Francis Xavier Ford (1892-1952) was born in Brooklyn and became the first seminarian for the Catholic Foreign Mission Society of America, now known as the Maryknoll Fathers and Brothers. He was also one of three Maryknoll priests who were sent on the first overseas mission for the U.S. Church, departing for China on September 8, 1918.
According to Maryknoll
, Ford (in center of photo) spent his first seven years in Yeungkong. In 1925, he went to serve in Kaying, and for the next 27 years his leadership was crucial to the development of Christian communities in that part of China. Pope Pius XI, in 1935, named him the first bishop of Kaying.
"Bishop Ford experienced mission as more than just building structures," Maryknoll said. "He understood the essence of mission as building person-to-person relationships. The one structure he did create was a seminary for the education and training of young Chinese priests."
He accompanied his people through the Japanese attacks on China, including Kaying, as well as the civil war between the Communist and Nationalist forces.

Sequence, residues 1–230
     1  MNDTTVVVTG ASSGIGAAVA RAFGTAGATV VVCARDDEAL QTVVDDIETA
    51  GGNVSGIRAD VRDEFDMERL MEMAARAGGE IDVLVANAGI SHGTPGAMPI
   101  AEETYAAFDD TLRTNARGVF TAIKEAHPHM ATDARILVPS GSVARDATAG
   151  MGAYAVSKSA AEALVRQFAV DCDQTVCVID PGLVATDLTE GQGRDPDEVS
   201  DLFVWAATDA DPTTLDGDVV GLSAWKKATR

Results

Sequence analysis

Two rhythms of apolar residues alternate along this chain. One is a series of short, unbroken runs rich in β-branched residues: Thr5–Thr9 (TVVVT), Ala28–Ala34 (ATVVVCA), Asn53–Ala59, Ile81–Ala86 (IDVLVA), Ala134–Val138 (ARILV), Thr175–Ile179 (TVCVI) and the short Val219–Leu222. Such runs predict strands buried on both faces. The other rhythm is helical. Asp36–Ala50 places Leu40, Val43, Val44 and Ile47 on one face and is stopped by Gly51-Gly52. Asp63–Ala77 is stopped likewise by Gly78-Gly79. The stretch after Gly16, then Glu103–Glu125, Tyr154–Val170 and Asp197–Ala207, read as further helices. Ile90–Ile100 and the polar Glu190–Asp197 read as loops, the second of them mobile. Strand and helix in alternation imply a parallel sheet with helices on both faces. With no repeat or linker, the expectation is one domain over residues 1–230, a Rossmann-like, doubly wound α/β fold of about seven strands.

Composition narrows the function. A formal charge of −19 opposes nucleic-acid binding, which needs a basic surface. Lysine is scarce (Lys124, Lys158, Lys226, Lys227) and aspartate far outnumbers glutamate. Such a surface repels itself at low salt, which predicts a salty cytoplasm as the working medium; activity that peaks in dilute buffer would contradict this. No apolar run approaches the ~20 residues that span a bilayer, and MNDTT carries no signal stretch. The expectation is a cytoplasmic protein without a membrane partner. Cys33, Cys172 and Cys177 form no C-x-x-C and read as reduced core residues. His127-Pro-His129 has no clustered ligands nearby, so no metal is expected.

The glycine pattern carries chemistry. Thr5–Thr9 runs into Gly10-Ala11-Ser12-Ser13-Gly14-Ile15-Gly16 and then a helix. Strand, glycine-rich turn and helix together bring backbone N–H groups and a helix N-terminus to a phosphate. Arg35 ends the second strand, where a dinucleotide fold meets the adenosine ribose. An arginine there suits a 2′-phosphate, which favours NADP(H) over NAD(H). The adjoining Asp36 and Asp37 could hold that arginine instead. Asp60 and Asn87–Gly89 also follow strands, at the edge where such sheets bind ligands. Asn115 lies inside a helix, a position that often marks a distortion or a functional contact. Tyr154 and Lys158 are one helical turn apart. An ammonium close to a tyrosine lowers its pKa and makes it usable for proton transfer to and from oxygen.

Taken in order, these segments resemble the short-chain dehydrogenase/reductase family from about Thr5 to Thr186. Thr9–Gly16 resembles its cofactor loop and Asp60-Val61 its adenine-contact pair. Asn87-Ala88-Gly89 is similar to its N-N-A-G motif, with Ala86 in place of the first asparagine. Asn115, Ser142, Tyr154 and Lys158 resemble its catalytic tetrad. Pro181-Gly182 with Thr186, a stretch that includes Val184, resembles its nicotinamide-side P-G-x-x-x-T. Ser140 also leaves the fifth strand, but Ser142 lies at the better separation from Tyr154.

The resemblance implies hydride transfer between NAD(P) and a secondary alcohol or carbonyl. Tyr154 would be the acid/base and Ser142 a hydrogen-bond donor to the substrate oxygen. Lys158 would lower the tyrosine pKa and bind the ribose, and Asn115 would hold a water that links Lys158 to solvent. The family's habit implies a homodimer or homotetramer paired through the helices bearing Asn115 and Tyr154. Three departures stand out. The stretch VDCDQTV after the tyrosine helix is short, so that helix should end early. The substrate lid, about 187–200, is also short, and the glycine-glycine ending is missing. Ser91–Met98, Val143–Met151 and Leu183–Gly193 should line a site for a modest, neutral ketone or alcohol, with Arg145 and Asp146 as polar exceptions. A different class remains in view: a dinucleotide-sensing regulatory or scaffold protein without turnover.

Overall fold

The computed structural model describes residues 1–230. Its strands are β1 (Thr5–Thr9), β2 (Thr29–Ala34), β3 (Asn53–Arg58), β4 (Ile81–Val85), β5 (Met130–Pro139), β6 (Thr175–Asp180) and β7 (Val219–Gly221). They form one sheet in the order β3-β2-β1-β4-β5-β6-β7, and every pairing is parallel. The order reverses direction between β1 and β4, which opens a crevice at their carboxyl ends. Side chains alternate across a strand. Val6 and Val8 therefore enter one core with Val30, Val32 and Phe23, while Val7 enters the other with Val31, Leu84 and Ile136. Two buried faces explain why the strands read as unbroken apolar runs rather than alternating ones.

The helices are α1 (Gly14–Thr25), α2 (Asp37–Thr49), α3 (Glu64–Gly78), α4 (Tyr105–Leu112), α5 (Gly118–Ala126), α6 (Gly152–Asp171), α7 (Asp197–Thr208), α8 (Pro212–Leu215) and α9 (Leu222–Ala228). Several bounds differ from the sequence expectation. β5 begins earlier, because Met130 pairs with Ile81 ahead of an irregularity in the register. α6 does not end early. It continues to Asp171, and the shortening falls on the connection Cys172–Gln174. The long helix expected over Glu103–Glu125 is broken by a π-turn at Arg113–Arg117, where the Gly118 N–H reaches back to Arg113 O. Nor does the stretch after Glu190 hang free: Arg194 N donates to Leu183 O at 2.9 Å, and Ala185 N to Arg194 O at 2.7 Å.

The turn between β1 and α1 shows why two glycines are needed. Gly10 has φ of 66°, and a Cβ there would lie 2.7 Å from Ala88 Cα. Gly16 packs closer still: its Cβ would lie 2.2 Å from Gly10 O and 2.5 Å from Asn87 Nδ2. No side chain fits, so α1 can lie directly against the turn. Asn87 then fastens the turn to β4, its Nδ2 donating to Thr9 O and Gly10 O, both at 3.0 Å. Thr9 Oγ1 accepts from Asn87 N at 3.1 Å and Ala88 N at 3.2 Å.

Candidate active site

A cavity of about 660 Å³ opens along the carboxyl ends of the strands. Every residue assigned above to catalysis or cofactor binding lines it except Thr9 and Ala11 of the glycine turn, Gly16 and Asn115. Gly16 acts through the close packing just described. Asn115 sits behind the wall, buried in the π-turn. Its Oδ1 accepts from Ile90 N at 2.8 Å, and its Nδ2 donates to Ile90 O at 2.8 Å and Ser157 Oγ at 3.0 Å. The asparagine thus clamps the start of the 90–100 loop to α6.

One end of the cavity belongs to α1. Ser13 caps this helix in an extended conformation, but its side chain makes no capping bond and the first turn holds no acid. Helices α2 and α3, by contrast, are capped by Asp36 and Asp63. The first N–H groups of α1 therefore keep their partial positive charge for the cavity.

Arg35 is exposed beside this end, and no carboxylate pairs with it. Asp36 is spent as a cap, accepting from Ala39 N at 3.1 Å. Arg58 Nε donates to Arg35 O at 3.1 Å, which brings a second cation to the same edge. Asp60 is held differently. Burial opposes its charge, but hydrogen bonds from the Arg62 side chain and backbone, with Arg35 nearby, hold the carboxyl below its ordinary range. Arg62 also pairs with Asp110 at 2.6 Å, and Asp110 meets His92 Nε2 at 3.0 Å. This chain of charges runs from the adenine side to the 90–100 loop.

After the Communist party seized power, Bishop Ford and other Maryknollers were viewed as agents of American imperialism.
"Chinese officials soon began closing churches and parish houses," the missionary society said. "When the Unites States entered into war with North Korea, tensions grew and Bishop Ford was prohibited from participating in activities outside of Kaying. The first Maryknoll priests and Sisters were arrested and deported during December 1950."
Shortly after that, Bishop Ford was investigated and interrogated for four months. Arrested during April 1951, he was found guilty of espionage and sentenced to indefinite imprisonment in Guangzhou. His health declined rapidly and he died less than a year later.